Monday, September 2, 2019

Robert Jervis - Perception And Level Of Analysis :: essays research papers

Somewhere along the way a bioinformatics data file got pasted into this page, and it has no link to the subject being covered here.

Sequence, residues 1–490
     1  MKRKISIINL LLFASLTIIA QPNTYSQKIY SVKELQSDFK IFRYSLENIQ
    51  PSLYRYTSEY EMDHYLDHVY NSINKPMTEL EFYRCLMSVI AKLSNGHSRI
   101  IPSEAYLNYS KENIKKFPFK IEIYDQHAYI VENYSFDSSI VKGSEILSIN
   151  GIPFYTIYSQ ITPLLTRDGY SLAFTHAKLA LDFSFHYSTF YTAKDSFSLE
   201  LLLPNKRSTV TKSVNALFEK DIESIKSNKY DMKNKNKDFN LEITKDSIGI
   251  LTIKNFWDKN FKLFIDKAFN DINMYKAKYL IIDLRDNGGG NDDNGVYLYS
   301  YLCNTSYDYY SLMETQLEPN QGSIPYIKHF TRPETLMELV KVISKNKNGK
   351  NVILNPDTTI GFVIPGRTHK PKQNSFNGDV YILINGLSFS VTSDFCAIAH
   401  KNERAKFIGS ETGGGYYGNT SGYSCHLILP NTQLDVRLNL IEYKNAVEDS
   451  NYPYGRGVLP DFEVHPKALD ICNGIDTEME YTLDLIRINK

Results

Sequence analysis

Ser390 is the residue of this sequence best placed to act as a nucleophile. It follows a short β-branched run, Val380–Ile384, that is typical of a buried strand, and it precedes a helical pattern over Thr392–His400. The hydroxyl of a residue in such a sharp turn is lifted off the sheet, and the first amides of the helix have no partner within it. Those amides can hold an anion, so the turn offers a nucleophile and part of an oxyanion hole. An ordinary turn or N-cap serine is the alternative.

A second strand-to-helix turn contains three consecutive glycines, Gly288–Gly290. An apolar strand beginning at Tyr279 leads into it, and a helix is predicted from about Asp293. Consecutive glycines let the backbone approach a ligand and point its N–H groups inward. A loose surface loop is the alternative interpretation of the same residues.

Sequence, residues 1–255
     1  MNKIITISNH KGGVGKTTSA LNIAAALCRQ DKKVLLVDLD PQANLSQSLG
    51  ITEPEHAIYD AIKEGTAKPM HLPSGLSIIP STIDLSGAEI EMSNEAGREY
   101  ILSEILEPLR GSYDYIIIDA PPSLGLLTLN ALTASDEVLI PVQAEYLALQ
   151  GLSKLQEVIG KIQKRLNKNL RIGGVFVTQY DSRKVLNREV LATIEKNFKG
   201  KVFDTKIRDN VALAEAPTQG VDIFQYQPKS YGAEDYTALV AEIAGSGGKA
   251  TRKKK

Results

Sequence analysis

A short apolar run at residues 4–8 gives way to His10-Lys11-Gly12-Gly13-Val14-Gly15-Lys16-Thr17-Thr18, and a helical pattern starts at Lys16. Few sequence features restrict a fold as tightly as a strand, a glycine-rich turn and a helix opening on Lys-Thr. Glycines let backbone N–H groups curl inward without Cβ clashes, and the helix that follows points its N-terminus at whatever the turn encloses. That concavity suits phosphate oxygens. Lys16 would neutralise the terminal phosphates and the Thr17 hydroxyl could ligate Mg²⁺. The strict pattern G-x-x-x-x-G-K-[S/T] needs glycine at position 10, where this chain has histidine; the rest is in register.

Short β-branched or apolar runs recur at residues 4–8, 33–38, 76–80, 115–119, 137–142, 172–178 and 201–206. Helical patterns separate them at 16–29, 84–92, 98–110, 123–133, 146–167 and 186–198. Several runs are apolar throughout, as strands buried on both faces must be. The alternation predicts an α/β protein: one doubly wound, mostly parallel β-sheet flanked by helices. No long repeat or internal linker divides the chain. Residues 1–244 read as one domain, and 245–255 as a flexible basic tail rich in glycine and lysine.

Robert Jervis in Perception and Level of Analysis espouses the notion that in order to fully explain crucial decisions and policies it is essential that one pays heed to the decision-maker’s beliefs about the world and his or her perceptions of others. Rather than attempting to understand foreign policies as directly resulting from the three other levels of analysis, the bureaucratic, the domestic, and the international environment, which he outlines, Jervis contends that examination of a decision-maker’s perceptions, both their causes and effects, can more readily determine and explain behavioral patterns; in such a light, the taxonomy or three other levels of analysis appear devoid of truth value when applied alone, and all related theories are shown as invalid except in extreme cases. Nonetheless, one might more accurately contest that while careful study of a decision-maker’s beliefs is a necessity for comprehension, analysis of such beliefs is in fact an ex amination of bureaucratic organizations, domestic circumstances, and the international environment; all four are interrelated in the sense that the perceptions of the decision-maker are influenced by the circumstances existent in the three other levels. Likewise the three levels are themselves affected and often altered by the politician’s choices. Therefore, in order to provide the most comprehensive explanations of foreign policy decisions one cannot completely disregard externalities, and conversely one cannot ignore individual perceptions of decision-makers. One cannot rely solely on the bureaucratic level of analysis, the domestic, the international environment, or even on a combination of the three as adequate. What one might interpret as a clash of bureaucratic interests and stands yielding incoherent and conflicting policies, could in reality be a â€Å"clash among values that are widely held in both society and the decision-makers’ own minds† (Jervis 28). Similarly, if domestic situations were the medium upon which politicians base their decisions then changes in leadership would not necessarily produce significant changes in foreign policy; however, the consistency of foreign policy is difficult to measure. For example, some might contend that the Cold War would not have occurred had President Franklin Delano Roosevelt not died; they suggest that his death altered American policy in the sense that President Truman and his anti-Soviet position came to dominate political decision-making. Others contest that FDR would ha ve acted similarly to Truman, as he too was coming to an anti-Soviet stance prior to his death. If the former is seen as accurate the domestic level of analysis is insufficient and not applicable, but in the latter instance it could be viewed as a valid basis for judging decision-making.

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